Since reuniting passengers and lost luggage involves no inconsiderable expense for the airline, it’s clearly unfair to burden the airline’s beleaguered shareholders and embattled executives with those costs. The ordinary fees for checking bags (even with the recent improvements to the fee schedule for more than one bag) can’t possibly cover the full cost of providing this special labor-intensive service.

    So I propose that airlines charge a fee (a “Special Customer Service Fee”– I’m sure the marketeers can come up with a better name) for tracking and returning lost bags. The fee needs to at least cover the full costs of providing that service plus any associated overhead, so it should be subject to yield-management pricing determined at the moment it’s needed. The higher volume of lost baggage during holiday periods means more overtime and/or temporary employees, so recovering lost baggage during the Christmas season should carry an appropriate premium.

    Similarly, a massive glitch like the one at JFK involves very high costs to the airlines. Not only do they have to pay employees overtime (or hire temporary workers) to sort the luggage manually, they have the expense of fixing the software glitch itself and possibly dealing with the demands of Customs and Security officials in various countries. So the Special Customer Service Fee for passengers who got caught up in the JFK glitch should be priced to fully reflect the costs of rectifying the problem.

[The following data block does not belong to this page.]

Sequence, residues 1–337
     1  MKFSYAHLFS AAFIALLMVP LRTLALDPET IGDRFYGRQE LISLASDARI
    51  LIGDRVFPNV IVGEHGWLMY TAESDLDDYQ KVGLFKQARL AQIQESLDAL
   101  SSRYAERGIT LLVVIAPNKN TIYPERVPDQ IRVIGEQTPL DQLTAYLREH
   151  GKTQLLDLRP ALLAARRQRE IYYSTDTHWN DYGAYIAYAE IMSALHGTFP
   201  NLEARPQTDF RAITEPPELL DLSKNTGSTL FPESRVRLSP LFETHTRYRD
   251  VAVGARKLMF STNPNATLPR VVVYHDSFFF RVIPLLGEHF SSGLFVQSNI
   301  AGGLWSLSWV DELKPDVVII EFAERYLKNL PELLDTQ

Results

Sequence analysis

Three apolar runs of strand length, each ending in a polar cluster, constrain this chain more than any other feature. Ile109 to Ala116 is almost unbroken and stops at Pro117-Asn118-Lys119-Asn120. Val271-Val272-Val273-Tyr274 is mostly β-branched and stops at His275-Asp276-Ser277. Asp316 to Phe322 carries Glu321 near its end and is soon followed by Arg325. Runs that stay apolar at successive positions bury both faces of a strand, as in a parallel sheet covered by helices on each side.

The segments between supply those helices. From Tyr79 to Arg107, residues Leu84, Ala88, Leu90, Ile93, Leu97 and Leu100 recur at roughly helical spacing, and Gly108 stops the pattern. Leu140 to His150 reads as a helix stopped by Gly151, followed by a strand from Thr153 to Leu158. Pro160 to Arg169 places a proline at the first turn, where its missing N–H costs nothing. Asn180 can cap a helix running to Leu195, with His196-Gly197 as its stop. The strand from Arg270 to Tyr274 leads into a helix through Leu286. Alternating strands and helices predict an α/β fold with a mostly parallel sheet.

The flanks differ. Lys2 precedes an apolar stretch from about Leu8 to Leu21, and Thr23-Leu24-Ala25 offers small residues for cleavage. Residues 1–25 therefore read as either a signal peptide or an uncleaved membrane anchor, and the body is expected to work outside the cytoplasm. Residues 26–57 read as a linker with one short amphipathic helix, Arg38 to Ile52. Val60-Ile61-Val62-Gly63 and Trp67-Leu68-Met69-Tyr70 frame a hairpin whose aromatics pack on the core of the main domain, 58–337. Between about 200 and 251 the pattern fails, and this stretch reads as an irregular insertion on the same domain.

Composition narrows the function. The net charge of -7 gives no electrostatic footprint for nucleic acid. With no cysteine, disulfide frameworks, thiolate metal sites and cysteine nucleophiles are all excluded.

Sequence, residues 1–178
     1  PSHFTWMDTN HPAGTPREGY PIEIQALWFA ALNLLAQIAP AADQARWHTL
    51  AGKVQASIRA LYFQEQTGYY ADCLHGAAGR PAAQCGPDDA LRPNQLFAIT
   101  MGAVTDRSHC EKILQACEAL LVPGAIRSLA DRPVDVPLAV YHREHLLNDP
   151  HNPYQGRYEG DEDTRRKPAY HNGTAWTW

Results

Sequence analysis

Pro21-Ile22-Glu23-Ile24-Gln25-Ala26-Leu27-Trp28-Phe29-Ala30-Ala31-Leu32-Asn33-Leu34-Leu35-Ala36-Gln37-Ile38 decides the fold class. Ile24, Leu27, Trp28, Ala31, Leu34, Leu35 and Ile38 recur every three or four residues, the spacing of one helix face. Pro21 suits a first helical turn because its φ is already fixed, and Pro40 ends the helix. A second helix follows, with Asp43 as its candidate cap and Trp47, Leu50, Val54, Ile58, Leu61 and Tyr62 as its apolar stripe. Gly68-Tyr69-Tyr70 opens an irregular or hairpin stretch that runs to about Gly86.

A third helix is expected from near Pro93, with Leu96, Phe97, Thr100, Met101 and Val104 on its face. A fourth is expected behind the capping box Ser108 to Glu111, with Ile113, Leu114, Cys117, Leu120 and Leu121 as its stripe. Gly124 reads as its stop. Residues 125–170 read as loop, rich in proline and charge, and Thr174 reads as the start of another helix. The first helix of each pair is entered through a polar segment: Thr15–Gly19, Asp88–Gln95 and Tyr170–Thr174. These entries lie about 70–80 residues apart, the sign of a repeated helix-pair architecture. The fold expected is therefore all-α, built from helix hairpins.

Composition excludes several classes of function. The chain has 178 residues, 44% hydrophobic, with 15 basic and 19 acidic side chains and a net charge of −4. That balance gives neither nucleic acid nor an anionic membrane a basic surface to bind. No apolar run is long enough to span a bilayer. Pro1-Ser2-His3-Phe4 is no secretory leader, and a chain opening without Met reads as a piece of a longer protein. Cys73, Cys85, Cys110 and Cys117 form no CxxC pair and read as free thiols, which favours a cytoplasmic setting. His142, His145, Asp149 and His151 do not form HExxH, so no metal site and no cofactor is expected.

In our “nation of whiners,” some passengers are surely going to complain about “adding insult to injury” and what they in their ignorance perceive as inherent unfairness. But with the current economic reality, any reasonable person would conclude that forcing innocent shareholders to absorb those expenses would be an injustice of monumental proportions. So it’s only fair that passengers should bear the cost of providing the service.

    And I’m sure airline marketeers could put the correct happy spin on it: The Special Customer Service Fee helps airlines improve their service and saves customers money. Passengers whose luggage arrives on the carousel should not be subsidizing those whose luggage somehow does not arrive. The Special Customer Service Fee also gives passengers more choices; they can choose to buy replacement belongings or they can pay a fee that is probably less than those costs. So the fee actually saves passengers money!